For example, in a big factory, an assembly line worker will communicate a problem to a supervisor rather than to the Plant Manager. Higher-level managers may sometimes not even come to know something of vital importance as and when needed. On the positive side, there are many advantages also.
The formal channels, by virtue of their tendency to monitor and filter information, keep the higher-level managers from getting bogged down with it.
By his very nature man cannot always have a highly formalized or regimented living. Logically he cannot and will not always communicate through formal channels alone. Side by side with the formal channel of communication, every organization has an equally effective channel of communication – that is the informal channel.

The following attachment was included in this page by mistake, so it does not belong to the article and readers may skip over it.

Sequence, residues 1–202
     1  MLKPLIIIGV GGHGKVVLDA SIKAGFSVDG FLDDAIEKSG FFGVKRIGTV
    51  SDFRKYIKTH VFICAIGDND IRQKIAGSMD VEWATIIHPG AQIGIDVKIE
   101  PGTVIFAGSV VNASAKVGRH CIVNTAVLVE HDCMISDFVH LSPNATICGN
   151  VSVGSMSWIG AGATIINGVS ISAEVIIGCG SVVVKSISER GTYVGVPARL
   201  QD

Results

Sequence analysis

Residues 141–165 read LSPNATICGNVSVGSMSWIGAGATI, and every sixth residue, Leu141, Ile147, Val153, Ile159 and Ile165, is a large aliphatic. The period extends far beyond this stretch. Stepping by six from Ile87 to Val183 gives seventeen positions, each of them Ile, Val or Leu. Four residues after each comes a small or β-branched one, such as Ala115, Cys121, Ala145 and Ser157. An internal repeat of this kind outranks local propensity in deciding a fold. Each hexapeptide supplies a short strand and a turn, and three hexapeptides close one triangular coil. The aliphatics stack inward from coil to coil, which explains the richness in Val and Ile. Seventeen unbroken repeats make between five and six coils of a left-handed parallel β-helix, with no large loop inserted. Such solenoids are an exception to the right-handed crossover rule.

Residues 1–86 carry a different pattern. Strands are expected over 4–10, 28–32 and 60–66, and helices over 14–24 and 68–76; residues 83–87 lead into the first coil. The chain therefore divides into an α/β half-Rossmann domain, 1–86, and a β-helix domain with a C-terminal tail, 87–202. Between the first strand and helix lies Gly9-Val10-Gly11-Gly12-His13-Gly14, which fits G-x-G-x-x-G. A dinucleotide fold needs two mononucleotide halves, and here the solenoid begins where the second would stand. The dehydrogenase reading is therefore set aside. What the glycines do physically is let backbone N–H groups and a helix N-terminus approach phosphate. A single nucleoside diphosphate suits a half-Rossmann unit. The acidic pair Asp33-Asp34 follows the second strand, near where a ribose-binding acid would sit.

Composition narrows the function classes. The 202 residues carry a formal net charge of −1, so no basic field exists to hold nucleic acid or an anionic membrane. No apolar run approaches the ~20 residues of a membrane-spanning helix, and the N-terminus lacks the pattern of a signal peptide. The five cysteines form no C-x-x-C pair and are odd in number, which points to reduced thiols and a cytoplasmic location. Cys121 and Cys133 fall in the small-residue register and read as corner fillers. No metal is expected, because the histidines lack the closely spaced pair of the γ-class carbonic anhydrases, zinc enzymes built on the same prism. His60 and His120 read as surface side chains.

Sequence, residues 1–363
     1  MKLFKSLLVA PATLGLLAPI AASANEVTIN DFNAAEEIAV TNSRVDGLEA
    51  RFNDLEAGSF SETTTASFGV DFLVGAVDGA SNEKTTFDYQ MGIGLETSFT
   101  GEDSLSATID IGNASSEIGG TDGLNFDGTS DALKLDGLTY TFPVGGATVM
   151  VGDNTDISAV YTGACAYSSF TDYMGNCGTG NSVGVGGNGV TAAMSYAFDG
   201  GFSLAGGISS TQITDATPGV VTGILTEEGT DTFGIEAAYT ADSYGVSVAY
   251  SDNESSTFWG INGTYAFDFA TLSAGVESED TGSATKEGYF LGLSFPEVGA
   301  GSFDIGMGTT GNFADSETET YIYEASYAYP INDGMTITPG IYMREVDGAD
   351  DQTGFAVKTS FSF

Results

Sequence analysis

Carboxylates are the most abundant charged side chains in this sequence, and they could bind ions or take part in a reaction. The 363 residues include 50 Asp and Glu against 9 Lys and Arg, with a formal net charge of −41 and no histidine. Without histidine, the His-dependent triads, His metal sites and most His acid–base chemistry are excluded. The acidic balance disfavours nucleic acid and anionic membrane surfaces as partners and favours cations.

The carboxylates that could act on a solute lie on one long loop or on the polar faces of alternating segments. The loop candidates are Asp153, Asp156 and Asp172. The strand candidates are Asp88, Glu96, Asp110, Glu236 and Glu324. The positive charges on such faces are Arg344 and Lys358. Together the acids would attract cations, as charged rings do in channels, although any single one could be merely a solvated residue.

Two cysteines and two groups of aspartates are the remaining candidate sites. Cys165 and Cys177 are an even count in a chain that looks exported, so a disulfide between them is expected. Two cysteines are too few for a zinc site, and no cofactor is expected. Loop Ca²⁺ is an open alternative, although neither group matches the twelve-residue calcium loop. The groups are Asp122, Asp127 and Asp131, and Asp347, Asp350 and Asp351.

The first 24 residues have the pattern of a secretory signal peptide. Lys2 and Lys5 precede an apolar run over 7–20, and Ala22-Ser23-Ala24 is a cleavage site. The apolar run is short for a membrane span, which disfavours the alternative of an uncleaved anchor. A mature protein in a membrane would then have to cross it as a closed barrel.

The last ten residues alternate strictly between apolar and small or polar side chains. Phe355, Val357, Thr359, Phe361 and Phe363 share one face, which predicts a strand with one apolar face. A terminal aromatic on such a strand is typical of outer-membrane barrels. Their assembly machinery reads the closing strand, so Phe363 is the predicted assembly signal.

It is not officially sanctioned, and quite often it is even discouraged or looked down upon. But, then, it is very much there, and has been given the name ‘grapevine’ precisely because it runs in all directions- horizontal, vertical and diagonal. As the management experts put it, “it flows around water coolers, down hallways, through lunch rooms, and wherever people get together in groups”.
It shows that the people are almost always looking forward to an opportunity to get together. Man is essentially gregarious by nature. The lower we go down the pyramid of the organization the more manifest this gregariousness becomes. There are strong socio-psychological reasons for it. The most important reason is the intense, irrepressible desire to communicate, to talk, to share one’s feelings and thought, or just to gossip or to indulge in small talk.